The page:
Storm Eunice: Lively winds and snow forecast
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Storm Eunice picked up on Wednesday night with winds of over 80mph causing power outages, uprooted trees and disrupted travel across the UK and Ireland. The has settled down today but is due to come back stronger alongside heavy snow and potential blizzard conditions on Friday. The Met Office is asking people to stay indoors where possible, as this could be the worst storm we’ve seen in 30 years. What does that mean for flights? Express.co.uk reveals the latest airport information.
Storm Eunice is the official name for winds impacting the southern and central areas of the UK (and some snow for the northern areas), and Storm Dudley is what the Met Office has named the storm impacting the northern half of the UK.
Both storms have been assigned amber and yellow warnings by the Met Office.
Amber, which applies to Wales and most of England (as far north as Manchester and Hull) means significant disruption and extremely strong winds.
It is thought that winds could reach up to 100mph between 9am and 12pm on Friday.
Britons can expect flying debris that could be a danger to life, damage to buildings and homes, roofs blown off and power lines brought down, as well closed roads, bridges and railway lines.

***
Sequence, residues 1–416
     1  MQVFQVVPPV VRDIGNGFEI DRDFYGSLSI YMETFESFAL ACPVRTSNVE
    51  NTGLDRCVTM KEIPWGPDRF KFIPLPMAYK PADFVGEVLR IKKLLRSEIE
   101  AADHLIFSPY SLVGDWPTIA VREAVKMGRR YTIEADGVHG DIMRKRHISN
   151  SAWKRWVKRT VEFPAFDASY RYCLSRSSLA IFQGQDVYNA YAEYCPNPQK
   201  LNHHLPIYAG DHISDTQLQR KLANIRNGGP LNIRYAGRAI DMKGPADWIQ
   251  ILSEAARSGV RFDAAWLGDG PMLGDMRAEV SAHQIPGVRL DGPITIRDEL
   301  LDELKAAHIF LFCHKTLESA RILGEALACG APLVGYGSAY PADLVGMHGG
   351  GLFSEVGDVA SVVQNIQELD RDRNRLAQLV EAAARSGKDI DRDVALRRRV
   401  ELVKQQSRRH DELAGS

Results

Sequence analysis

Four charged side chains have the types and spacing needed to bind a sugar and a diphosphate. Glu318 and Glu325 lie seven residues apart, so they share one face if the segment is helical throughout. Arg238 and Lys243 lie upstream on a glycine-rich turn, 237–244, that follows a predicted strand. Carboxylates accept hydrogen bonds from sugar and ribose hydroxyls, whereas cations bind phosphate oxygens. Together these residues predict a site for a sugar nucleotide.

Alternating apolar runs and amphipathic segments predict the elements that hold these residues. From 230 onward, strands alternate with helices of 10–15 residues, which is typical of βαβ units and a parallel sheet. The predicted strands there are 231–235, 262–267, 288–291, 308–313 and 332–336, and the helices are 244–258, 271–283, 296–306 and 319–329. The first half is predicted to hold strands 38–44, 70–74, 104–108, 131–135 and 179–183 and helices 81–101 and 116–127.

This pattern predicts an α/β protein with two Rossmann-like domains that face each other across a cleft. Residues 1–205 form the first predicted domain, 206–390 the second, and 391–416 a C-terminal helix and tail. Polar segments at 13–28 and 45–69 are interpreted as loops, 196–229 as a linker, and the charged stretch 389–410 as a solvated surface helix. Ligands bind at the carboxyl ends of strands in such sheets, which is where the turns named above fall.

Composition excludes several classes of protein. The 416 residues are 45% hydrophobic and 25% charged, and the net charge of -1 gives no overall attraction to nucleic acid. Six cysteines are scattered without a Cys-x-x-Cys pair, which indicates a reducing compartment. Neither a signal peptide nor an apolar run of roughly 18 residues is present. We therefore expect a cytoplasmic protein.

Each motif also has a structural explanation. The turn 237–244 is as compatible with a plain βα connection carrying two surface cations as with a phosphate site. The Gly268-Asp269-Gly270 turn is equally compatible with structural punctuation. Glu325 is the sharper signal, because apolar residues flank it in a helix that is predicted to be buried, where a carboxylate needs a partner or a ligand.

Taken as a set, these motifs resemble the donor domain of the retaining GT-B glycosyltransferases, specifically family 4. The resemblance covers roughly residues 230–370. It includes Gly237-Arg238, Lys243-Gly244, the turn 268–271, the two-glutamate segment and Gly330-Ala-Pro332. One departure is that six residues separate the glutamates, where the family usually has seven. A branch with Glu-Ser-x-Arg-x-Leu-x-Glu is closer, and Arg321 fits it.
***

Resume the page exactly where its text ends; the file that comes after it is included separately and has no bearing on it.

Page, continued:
Parts of the UK may also see power cuts, large waves and beach material thrown onto sea fronts, coastal roads and properties, and falling branches and uprooted trees.
In the north of England, Scotland and parts of Ireland, we can expect heavy snow and strong winds but with fewer risks to life and property.
Brits are also being warned to stay away from the coast, with waves and tidal surges likely on Friday.
Storm Eunice flights latest
Storm Eunice, the more severe storm of the two, will cause delays and cancellations to bus, train, ferry services and flights.
If you’re due to board a flight on Friday or over the weekend, you might find it difficult.
No blanket cancellations have been made, but a spokesperson for Gatwick Airport is urging passengers to “check the status of their flights with their airlines”.
East Midlands Airport also said: “With strong winds forecast in the coming days, we advise that passengers contact their airlines if they have concerns about a flight.”
The Met Office has stressed that air travel is at high risk and Brits are advised to check any updates before travelling.
A tree has already fallen on overhead wires leaving trains into Gatwick Aiport from London and the south coast heavily delayed, and it’s a similar story for trains to other airports and elsewhere.
In Scotland, a train was forced to stop in its tracks after Storm Dudley blew a trampoline into the track.
As the storms grow stronger, we will likely see more disruptions like this on public transport.
During storms in February 2014, parts of the Dawlish railway line totally collapsed and were washed away.
Flights are often cancelled in all kinds of conditions such as ice, snow, crosswinds or even fog, so it’s very likely that some airlines will cancel their flights.
If you’re due to fly on Friday or over the weekend, keep your eye on updates from your airline and get in touch with them if you’re unsure about the status of your flight.
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